Hard-core America (or: when there's nothing else to do on a Saturday night)
Lorraine and I arrived today at Kelly's Countryside RV park in Callahan, FL. What the advertisements don't tell you is that when they say "Countryside"... they mean "far from civilization"! On the road, we've found that you don't measure things in miles, but how close you are to a Walmart. Well, the closest Walmart is over yonder in Yulee about 20 miles away. But the rates were reasonable and the people have been nice.
Once we unhitched and hooked up the electric, water and sewer line (which we are getting much better at), we went on a hunt to find a pub/restaurant that might be broadcasting the Eagles game tomorrow night (8:30pm kickoff). We decided to check out the small, crossroads town of Hillard (pop 2,701) but found that nothing stays open there beyond 9:00pm (except some of the baptist churches which don't let out until 10pm some Sunday's). So we turned around and headed south toward the small town of Callahan.
As we cruised down the 301, we passed the Callahan Fairgrounds.
From the road we weren't sure what was going on, but we saw lights, pick ups and people. Feeling adventurous, we rolled up our windows, locked the doors and made a u-turn. Not hearing any banjos.. we pulled in.
What we thought might be a rodeo turned out to be midget car (go karts) races at the Callahan Speedway.
Now, this is no boxwood derby. These cars can reach speeds of 45 mph and can cost thousands of dollars. The drivers are grouped by age and weight. The youngin's shown above are as young as 8 yrs old!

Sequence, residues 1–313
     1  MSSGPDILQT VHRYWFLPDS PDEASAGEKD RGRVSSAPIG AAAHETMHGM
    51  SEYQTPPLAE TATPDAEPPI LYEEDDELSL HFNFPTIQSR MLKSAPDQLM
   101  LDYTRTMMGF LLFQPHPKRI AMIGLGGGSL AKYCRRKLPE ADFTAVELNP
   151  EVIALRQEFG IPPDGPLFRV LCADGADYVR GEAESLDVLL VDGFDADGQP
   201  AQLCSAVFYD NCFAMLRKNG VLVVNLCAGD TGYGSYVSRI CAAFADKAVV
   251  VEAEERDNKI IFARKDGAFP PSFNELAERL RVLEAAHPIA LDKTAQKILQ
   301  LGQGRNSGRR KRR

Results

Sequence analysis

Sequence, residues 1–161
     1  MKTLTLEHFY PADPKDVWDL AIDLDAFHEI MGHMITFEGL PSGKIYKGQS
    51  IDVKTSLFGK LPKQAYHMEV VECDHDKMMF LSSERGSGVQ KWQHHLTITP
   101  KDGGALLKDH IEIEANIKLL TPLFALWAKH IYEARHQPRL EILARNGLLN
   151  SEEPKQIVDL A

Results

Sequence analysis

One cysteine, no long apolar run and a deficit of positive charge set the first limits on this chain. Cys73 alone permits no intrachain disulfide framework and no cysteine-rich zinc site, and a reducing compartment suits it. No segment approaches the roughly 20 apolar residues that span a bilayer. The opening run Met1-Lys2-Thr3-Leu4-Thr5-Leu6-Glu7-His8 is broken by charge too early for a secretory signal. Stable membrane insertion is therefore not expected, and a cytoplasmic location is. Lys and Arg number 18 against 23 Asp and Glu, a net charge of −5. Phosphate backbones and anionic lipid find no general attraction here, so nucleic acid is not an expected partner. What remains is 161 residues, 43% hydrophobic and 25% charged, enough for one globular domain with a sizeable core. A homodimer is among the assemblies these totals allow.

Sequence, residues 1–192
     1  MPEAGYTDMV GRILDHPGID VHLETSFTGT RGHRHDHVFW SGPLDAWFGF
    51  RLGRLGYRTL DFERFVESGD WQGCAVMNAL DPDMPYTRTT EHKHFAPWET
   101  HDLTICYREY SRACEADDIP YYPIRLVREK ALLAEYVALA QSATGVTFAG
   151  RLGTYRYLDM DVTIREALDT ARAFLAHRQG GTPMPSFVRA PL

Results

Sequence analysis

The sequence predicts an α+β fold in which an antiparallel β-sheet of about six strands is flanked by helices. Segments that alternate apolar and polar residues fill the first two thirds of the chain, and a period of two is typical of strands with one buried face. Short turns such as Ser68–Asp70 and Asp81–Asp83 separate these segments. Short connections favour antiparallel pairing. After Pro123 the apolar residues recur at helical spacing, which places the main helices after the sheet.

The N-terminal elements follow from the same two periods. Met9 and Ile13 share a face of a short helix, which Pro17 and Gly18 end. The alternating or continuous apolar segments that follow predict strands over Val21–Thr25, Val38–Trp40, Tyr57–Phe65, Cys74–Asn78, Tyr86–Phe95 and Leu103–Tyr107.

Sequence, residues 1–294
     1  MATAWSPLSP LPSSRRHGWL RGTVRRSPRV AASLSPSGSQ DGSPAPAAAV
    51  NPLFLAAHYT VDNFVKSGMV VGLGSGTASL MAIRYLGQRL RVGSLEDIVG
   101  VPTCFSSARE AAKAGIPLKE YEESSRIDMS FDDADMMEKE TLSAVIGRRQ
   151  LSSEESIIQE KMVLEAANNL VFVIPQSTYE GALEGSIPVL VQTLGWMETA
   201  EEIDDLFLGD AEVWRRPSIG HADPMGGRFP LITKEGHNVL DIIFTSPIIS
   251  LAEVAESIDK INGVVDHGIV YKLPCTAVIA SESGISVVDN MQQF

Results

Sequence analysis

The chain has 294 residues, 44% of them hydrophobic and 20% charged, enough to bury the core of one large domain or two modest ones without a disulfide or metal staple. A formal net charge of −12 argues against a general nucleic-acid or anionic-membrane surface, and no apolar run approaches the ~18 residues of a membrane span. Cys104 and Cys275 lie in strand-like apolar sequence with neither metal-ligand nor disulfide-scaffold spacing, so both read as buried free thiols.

I have to say, although I would probably not visit again, it was an enlightening and educational experience. There was a family vibe to this event. Race car teams are usually made up of family members with everybody pitching in. And each individual "team" is usually related to somebody on the next team.
We talked with the father of one racer who said he used to midget race, his father raced for 40 yrs and now he's getting his son involved
("as long as his grades stay up"). Everybody was VERY friendly and eager to talk about racing.
We chatted with the mother of one racer who turned out to be the only female racer (8th grader) who participated that evening. She had won her race against six other boys. She explained that her daughter had arrived late to the track because she was pitcher for her softball team and had struck out six batters in a row earlier this afternoon!
We had a very enjoyable time and felt as though we experienced "hard core America". These are humble, hard-working, grease under their fingernails, my daddy grew up with your daddy, folks.
Here are some other pictures I took this evening: